Christian Rudder’s book Dataclysm explores who we are when we think no one is looking – our lives told through every Google search, tweet, Facebook like. He is one of the founders of OKCupid, an online dating site; data, he says, unlike surveys or small scale experiments doesn’t merely tell you what people say they prefer, but shows how they actually act and interact in private. This information, he argues, is not only useful for selling and surveillance, two of the most common practices at present, but it also tells “the human story.” Rudder’s idea “is to move our understanding of ourselves away from narratives and toward numbers, or rather, to think in such a way that the numbers are the narrative.” He promises to “put hard numbers to some timeless mysteries” that had previously been considered “unquantifiable.” His title captures this grand vision for data use: data is not only an “unprecedented deluge” but “the hope of a world transformed – of both yesterday’s stunted understanding and today’s limited vision gone with the flood.”
So what are the “timeless mysteries” that are uncovered? Using millions of pieces of data, he reveals the “nexus of beauty, sex and age.” As she ages, women find older men attractive. For men, no matter his age, a women’s at her best when she’s in her very early twenties. Although people say they aren’t racist, they make choices and draw conclusions according to race. Woman are overwhelming judged by appearance. We pick on the weak. These are the “facts that need facing,” Rudder says, proved by the data that will “ends arguments that anecdotes could never win.”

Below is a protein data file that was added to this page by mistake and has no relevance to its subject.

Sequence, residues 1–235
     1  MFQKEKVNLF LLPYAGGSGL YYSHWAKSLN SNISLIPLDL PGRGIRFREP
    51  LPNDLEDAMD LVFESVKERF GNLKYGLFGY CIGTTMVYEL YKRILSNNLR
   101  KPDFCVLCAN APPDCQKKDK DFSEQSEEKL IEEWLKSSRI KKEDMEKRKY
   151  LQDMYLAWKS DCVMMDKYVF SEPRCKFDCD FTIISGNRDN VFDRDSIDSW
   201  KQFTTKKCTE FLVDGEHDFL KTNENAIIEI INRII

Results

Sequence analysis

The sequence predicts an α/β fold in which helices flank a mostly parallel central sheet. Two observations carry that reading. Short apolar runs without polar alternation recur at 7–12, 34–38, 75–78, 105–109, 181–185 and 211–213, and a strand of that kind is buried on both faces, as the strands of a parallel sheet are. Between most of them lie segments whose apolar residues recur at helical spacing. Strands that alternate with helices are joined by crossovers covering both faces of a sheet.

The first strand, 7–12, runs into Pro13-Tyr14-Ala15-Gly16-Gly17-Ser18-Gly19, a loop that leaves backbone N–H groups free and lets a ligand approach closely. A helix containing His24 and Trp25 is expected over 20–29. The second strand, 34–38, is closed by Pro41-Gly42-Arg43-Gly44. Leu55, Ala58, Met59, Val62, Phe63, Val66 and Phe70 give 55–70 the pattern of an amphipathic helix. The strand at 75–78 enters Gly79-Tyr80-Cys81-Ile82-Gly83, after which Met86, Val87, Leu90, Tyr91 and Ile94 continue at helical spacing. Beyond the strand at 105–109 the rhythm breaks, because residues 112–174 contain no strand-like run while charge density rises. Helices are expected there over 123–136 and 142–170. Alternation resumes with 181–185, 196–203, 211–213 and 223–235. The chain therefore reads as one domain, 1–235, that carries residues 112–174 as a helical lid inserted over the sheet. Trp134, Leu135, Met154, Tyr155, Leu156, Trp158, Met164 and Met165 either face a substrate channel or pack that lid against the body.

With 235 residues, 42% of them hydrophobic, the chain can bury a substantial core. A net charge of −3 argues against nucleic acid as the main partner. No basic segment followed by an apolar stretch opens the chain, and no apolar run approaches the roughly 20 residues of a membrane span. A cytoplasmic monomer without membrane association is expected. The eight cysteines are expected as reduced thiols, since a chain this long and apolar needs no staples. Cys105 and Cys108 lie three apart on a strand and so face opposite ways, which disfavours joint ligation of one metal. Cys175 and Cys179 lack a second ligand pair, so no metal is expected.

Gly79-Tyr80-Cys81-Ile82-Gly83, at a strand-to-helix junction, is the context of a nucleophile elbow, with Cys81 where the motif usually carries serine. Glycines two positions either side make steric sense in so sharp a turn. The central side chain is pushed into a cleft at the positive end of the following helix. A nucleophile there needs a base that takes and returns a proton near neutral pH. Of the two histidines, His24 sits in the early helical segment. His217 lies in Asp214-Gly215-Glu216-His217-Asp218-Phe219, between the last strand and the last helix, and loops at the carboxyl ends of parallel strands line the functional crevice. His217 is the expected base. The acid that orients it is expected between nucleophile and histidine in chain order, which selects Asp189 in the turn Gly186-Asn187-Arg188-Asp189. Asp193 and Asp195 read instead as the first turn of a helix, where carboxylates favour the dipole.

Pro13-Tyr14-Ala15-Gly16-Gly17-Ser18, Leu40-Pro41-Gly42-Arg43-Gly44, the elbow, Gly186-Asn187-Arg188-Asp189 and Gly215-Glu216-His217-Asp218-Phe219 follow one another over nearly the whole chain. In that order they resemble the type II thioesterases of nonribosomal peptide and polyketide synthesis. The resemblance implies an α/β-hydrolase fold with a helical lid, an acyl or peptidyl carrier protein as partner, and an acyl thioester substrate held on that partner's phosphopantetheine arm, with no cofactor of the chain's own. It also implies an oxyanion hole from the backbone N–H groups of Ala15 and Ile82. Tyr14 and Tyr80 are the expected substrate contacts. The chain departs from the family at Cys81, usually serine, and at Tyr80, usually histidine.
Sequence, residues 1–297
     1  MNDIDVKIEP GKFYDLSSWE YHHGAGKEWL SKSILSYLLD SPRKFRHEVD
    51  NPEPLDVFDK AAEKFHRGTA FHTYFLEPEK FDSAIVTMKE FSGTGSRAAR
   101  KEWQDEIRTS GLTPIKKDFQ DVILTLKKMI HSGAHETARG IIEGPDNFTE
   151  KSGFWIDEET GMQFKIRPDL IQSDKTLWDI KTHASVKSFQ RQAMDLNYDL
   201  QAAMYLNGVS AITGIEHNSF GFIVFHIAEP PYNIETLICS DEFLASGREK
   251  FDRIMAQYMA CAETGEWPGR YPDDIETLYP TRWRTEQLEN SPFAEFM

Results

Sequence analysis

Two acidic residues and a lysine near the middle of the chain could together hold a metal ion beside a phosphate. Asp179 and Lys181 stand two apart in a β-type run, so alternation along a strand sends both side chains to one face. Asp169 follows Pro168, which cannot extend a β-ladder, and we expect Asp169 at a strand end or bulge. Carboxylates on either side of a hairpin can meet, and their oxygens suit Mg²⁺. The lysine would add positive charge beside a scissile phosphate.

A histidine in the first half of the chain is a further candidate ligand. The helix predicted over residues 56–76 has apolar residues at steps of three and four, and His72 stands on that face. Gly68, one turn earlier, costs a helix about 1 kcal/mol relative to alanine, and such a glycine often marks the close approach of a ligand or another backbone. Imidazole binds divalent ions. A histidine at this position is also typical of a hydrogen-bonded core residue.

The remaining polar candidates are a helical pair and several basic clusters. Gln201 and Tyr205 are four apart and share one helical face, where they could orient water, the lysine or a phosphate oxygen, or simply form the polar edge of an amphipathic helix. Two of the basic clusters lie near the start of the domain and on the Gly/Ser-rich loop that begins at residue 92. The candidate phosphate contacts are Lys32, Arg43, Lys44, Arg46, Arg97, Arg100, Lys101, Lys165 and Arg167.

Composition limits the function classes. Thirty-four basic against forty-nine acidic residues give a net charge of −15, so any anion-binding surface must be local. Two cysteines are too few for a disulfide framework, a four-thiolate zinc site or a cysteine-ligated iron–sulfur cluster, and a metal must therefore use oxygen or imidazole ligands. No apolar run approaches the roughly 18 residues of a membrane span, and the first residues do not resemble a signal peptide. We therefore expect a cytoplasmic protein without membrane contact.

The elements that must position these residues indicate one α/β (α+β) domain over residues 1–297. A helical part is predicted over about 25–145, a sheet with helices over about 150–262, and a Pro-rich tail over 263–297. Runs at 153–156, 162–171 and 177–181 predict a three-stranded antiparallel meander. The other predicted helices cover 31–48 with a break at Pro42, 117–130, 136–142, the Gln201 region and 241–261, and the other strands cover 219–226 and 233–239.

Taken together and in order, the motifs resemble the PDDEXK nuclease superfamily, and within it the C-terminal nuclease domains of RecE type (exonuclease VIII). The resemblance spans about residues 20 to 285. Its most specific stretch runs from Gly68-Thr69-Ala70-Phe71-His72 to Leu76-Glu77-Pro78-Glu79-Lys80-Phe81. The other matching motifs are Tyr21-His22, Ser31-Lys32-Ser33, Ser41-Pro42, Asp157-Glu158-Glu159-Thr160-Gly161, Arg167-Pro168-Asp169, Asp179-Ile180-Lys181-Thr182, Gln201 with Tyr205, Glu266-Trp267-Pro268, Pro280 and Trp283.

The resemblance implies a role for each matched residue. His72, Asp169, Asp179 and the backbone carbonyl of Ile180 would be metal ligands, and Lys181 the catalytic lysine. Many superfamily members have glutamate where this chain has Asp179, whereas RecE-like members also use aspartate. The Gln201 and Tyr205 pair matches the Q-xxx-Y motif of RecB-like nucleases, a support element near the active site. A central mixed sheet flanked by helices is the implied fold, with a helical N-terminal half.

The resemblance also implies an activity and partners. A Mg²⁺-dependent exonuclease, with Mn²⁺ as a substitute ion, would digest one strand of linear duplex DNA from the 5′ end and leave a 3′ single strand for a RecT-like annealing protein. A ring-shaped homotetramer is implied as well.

It seems naïve to hope, however, that more proof of racism, sexism, meanness as an act to inflate importance, even with incontrovertible facts, will change actions. In education, we know the Big Data stories well. They, too, aren’t new stories. Here are a few: if you live with poverty or with a learning exceptionality, if you belong to one of the involuntary minorities, then your likelihood of success in our current system is limited. The data, however, even when gathered in the millions, while noisy with never-ending streams of information about “what’s wrong” and “what works” is silent about how to change actions in the future.
Still, more data has become the new answer to every question. Gathering data, of course, feels like action – parsing, graphing, creating colour graphs, pointing fingers. I’m not sure there are any fresh insights to be gleaned at scale, though. We simply get confirmation of what we already know. All the surprises exist on the edges, after all, the outliers and anomalies, the information outside of our data entirely. Big Data, Rudder argues, lets us tell the story of Everyman. Perhaps. But how can Everyman’s story help us? In schools, we become mired in inevitability (what can you and I do about poverty and its grip on the future of our children?); we see the deluge of “facts that need facing” instead of the child who surprises us, if we pay attention, by being entirely unique, unexpectedly extraordinary (I haven’t met a child, yet, who isn’t).
What we need in the midst of this deluge of data that tells us that we bully the weak, our children aren’t learning and our prejudices continue are heroic stories to remind us of how we can act differently anyway. We need to see the one child, never data sets, who looks at us in hope, her big brown eye flooded with despair, and know this: we must move mountains today so she can learn unobstructed by prejudice tomorrow. No other data is necessary.